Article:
Cycle Life

The only drawback: these pedals weigh 502 grams.     Photo: Aaron Gulley

Will These Pedals Make You Faster?

Borrowing principles from inline skating, Nikola pedals claim to improve power and pedaling efficiency.

It was only a matter of time before someone devised a pedal that could improve performance.

The new Nikola XPS road pedal is said to do just that by using an axle with 25mm of lateral float to recruit leg muscles often neglected in cycling. Thanks to that float, the pedal stroke is no longer completely vertical but instead flares at the bottom of the arc for a movement reminiscent of skate skiing or rollerblading. That, says Nikola founder Nick Stevovich, is because his inspiration came from inline skating.

“I found it interesting that after cycling my quads were sore, but after rollerblading I felt it in my adductors, calves, and glutes. Yet both sports predominately use your legs to propel you,” Stevovich explains. “So I theorized that if you could incorporate more muscles into cycling, you should get more output.

“Force equals mass times acceleration,” continues Stevovich. “Lots of companies are working on the ‘mass’ side of the equation, making bikes and gear lighter. We wanted to improve the ‘acceleration’ part of the formula by recruiting this new motion.”

And it seems to work. In a study of 50 riders conducted by an independent researcher at Cleveland State University, cyclists using the XPS pedals saw an average of 7 percent improvement in peak power and 2.1 percent improvement of net efficiency over standard pedals. That, says Stevovich, is the equivalent of 135 seconds savings on a 40-kilometer time trial course, more than the gains that can be realized from using a standard time trial helmet, skin suit, or aero bars. Many of the tested cyclists also reported improved comfort and pain relief, and Nikola has launched a new study into possible therapeutic uses for the pedals.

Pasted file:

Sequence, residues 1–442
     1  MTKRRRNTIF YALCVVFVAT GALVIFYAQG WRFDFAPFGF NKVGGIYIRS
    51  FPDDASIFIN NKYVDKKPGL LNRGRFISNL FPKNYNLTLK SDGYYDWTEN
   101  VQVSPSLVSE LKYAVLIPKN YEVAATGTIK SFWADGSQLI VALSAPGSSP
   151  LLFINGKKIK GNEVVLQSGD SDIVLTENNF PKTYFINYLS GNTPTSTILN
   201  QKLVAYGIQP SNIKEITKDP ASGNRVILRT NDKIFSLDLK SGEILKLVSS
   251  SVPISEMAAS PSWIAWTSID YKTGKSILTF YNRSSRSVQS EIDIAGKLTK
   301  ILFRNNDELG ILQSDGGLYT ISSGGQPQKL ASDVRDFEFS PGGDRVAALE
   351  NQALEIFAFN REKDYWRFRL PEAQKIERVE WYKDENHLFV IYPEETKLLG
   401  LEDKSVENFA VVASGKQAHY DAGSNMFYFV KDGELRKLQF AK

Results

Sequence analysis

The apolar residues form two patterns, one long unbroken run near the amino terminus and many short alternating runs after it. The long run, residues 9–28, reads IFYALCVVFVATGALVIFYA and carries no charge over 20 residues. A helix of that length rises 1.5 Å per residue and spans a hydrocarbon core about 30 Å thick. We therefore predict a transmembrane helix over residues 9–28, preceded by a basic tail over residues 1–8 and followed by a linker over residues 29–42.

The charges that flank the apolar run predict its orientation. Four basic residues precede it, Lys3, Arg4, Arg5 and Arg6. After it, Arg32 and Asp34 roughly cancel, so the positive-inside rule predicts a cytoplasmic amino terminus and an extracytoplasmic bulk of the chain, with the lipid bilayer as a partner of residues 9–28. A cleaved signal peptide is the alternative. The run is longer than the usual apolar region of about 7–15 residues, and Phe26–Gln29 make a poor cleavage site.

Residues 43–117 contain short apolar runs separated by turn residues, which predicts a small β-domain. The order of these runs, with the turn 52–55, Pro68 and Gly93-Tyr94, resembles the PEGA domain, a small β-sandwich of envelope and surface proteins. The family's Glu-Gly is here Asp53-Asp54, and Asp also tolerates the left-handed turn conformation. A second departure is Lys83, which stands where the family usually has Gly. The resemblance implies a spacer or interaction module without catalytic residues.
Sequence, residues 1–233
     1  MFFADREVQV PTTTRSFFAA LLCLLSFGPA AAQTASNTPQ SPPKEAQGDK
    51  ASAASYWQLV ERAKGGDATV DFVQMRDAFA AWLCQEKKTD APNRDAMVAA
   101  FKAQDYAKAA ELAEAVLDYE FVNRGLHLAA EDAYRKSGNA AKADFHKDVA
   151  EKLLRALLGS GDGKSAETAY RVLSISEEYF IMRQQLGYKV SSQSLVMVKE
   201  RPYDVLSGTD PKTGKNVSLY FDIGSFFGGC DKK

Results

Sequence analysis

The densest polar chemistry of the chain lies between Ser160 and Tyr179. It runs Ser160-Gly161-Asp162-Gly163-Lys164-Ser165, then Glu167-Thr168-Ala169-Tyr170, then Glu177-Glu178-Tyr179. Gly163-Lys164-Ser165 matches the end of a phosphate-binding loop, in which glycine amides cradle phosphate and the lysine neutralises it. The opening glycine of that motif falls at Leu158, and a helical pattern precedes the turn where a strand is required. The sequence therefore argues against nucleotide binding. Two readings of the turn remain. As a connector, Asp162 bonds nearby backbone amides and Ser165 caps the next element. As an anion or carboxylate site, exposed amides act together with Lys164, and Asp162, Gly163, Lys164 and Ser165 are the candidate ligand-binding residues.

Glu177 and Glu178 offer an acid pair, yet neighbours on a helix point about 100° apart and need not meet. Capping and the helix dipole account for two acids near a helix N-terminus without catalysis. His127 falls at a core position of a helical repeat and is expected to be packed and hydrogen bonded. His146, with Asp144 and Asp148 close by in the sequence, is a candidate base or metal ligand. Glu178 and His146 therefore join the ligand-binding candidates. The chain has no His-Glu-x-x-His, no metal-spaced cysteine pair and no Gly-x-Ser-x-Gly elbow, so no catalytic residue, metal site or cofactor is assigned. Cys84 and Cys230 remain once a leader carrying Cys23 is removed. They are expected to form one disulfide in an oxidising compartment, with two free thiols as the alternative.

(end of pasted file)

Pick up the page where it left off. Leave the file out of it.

We can’t yet corroborate the performance claims, but so far the pedals have worked well. The pedals mount to the crank via a detached spindle that threads through the oversize hollow axle. The float comes from the pedal body moving side-to-side on that hollow spindle, and movement on our test units is silky smooth. The cleats are standard three-bolt Look style, though the company has plans to add other cleat designs in time. Our one initial criticism is with the weight: Our set, including spindles, weighed a whopping 502 grams, compared to 256 grams for a pair of Dura Ace pedals. Nikola says it is working on lightening up the standard model, though they also currently offer a titanium version that weighs 371 grams.

Although we worried that it might take some time to learn the XPS’ pedaling technique, in fact the motion is completely intuitive. The pedals move through the range of float on their own with normal pedaling. It feels strange at first but works just fine and starts to feel more normal the longer your ride. On an established trainer workout that I do regularly, I was able to hit and hold my standard power numbers without any difficulty.

Only time will tell if Nikola’s new pedaling technique will catch on. We’ve seen other interesting looking designs materialize but fail to gain widespread acceptance. However, Nikola’s design looks interesting and seems to work, and the initial science behind it appears promising. And in the end, if something as simple as a new pedaling technique can make you more efficient (or even more comfortable), it’s worth at least considering.

Both the stainless steel ($350) and titanium ($550) models have 25mm of lateral float, but Nikola is working on models with other widths for 2016. The company is also testing SPD-style mountain bike prototypes.

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